phloem

Phloem: Is the living tissue in a plant that transports the compounds that are produced by photosynthesis (the sap) to the where it is needed. Sap is a water based sucrose solution (sugar)  that is made by photosynthesis. These sugars are transported to non-photosynthetic parts of the plant, such as the roots, or into storage structures, such as tubers or bulbs. (wikipedia)

 

Phloem (orange) transports products of photosynthesis to various parts of the plant.

 

 

In Trees this the innermost layer in the bark – see diagram. The transports around the plant happens in layers.

 

 

           Cross-section of a flax plant stem: 1)Pith 2)Protoxylem 3)Metaxylem 4)Phloem 5)Scelerenchya (bast fibre) 6)Cortex 7)Epidermis

 

 

After a bit of research, I found an article titled: Electrical Wiring and Long-Distance Plant Communication

I can’t access the whole article unfortunately but I am able to view the abstract:

Electrical signalling over long distances is an efficient way of achieving cell-to-cell communication in living organisms. In plants, the phloem can be considered as a ‘green cable’ that allows the transmission of action potentials (APs) induced by stimuli such as wounding and cold. Measuring phloem potential changes and separating them from secondary responses of surrounding tissues can be achieved using living aphids as bioelectrodes. Two glutamate receptor-like genes (GLR3.3 and 3.6) were identified as being involved in the propagation of electrical activity from the damaged to undamaged leaves. However, phloem APs are initiated and propagated independently of these glutamate receptors. Here, we propose new screening approaches to obtain further information on the components required for electrical signalling in phloem cables.

 

 

I like the visual image I have in my head of the this ‘green cable’, that is the phloem, that transmits messages in and around the plant.

I can access the abstract of the first chapter in this article : Chapter One – Mobile Transcripts and Intercellular Communication in Plants

 

Phloem serves as a highway for mobile signals in plants. Apart from sugars and hormones, proteins and RNAs are transported via the phloem and contribute to the intercellular communication coordinating growth and development. Different classes of RNAs have been found mobile and in the phloem exudate such as viral RNAs, small interfering RNAs (siRNAs), microRNAs, transfer RNAs, and messenger RNAs (mRNAs). Their transport is considered to be mediated via ribonucleoprotein complexes formed between phloem RNA-binding proteins and mobile RNA molecules. Recent advances in the analysis of the mobile transcriptome indicate that thousands of transcripts move along the plant axis. Although potential RNA mobility motifs were identified, research is still in progress on the factors triggering siRNA and mRNA mobility. In this review, we discuss the approaches used to identify putative mobile mRNAs, the transport mechanism, and the significance of mRNA trafficking.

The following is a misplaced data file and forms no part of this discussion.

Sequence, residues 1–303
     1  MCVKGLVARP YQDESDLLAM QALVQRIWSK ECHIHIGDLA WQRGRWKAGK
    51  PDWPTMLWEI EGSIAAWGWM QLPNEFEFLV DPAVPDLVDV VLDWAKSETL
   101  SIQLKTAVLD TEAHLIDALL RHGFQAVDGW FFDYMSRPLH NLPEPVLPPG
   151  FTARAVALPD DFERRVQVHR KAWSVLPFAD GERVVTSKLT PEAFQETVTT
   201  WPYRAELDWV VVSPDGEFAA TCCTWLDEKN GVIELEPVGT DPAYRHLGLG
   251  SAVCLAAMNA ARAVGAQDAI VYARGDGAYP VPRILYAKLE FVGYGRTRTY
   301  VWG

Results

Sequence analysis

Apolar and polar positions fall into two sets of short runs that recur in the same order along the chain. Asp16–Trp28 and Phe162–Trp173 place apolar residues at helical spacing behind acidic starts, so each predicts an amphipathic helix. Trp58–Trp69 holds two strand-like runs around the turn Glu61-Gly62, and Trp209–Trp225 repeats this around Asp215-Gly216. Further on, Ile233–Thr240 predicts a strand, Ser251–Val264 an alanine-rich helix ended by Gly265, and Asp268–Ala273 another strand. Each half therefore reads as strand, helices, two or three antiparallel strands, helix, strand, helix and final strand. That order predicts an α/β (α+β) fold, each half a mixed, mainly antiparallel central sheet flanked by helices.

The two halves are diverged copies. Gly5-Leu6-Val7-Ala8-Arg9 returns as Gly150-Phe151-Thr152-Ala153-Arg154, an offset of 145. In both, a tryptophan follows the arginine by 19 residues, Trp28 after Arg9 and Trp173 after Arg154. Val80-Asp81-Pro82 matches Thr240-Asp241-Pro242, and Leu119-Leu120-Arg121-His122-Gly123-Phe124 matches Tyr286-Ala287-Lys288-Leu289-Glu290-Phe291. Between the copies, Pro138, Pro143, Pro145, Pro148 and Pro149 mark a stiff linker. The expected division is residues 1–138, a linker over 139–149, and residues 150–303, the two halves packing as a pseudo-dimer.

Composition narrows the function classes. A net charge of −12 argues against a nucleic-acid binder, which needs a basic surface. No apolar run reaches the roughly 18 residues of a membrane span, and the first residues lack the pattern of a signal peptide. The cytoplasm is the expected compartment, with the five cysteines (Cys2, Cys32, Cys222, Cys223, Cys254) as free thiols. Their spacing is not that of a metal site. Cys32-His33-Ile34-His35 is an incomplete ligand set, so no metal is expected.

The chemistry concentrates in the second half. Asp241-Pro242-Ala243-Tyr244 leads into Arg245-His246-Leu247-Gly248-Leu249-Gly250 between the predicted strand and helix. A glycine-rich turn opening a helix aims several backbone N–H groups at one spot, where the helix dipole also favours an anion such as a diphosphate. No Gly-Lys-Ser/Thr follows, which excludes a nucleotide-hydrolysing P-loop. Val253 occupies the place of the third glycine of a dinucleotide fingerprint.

Of course a lot of this science is completely going over my head but I can kind of get a gist of this intercellular communication thing that is going on. Cell communication is an umbrella term in biology used to identify different types of communication methods between living cellulites. Every living organism has cells that need to communicate to each other to perform important bodily processes that are necessary for survival.

From an artistic point of view, this is quite a magical process. From what I understand – which is fairly little – but at a grasp and a very basic understanding of what is happening, the thought that both humans and plants have this intercellular communication system within us and them that a very similar is an incredible thing to get my head round.

 

 

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